Burglary laws in the U.S. are complex. The acts of burglary and any resulting theft or other offense are treated separately by the law; burglary, by definition, involves entering a building or taking a similar step that shows the intent to commit a theft or other offense. You can be accused of burglary whether you committed another crime because the state can claim that you intended to commit a crime even if you did not actually do so.
This definition provides for a powerful defense of burglary charges, which is important because sentencing of burglary charges can be arbitrary and severe. Burglary often results in one to 10 years in prison, as well as significant fines.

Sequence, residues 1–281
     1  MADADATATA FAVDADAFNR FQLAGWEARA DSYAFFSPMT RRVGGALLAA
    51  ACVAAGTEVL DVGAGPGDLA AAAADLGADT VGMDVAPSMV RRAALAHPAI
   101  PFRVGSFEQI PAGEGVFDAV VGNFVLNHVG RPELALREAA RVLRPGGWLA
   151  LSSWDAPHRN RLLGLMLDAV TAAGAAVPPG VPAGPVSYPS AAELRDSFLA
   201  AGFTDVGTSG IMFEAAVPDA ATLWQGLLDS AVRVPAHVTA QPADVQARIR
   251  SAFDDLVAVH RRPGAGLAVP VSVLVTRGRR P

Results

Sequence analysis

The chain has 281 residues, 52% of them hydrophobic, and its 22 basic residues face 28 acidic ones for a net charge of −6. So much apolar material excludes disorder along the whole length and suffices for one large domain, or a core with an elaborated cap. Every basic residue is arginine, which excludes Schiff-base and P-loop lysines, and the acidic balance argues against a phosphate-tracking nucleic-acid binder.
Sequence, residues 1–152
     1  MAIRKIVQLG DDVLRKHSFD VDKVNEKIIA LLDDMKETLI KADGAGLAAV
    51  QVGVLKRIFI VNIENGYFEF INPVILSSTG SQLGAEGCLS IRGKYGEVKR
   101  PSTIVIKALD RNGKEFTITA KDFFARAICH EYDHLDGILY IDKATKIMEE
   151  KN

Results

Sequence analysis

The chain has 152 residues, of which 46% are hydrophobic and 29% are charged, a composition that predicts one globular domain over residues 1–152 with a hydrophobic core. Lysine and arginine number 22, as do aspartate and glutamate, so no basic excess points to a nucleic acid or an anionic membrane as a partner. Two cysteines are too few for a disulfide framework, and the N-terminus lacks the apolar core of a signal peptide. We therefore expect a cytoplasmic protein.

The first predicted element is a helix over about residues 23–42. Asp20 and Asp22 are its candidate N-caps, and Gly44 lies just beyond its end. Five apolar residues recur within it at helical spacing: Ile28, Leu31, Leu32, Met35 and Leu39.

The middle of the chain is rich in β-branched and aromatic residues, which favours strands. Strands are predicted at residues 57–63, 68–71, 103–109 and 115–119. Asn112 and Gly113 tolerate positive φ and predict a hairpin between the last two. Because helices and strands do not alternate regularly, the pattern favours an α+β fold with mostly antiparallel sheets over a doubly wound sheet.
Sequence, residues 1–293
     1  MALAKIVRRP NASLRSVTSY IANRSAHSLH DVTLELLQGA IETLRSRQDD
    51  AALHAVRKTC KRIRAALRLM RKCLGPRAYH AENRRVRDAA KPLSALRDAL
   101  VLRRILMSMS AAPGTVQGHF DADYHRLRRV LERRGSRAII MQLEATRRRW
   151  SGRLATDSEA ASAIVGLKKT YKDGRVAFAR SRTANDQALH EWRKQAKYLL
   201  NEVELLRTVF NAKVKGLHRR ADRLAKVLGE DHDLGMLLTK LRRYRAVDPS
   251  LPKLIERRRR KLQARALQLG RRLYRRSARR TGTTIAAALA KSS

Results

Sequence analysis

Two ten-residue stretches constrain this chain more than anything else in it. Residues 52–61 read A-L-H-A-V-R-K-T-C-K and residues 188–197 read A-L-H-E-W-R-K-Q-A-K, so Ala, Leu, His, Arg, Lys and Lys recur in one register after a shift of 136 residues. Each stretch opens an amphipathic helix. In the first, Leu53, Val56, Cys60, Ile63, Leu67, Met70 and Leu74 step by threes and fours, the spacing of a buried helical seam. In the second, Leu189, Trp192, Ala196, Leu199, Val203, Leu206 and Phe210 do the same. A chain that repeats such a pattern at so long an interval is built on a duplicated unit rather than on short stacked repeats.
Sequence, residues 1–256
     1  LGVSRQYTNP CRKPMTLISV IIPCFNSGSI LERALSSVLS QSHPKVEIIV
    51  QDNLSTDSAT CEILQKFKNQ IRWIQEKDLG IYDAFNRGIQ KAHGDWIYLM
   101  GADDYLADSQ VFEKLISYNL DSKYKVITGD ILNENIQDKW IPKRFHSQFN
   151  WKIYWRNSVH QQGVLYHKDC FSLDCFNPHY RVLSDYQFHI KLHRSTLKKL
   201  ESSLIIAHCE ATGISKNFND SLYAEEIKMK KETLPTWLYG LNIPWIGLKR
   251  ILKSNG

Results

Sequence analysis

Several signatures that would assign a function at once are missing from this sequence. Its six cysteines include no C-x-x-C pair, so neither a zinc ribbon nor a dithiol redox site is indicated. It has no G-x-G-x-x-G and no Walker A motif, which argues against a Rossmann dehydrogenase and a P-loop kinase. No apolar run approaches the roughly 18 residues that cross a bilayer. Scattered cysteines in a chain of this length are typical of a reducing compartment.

Burglary charges can results from alleged efforts to enter banks, houses and businesses with the intent of committing a crime, as well as charges related to shoplifting and the forging of checks. Many people pick up burglary charges without realizing it. A good attorney can defend both your burglary charges and other charges related to your burglary charge. They should work to prove lack of intent for burglary, and will fight the charges of theft, forgery and other accusations.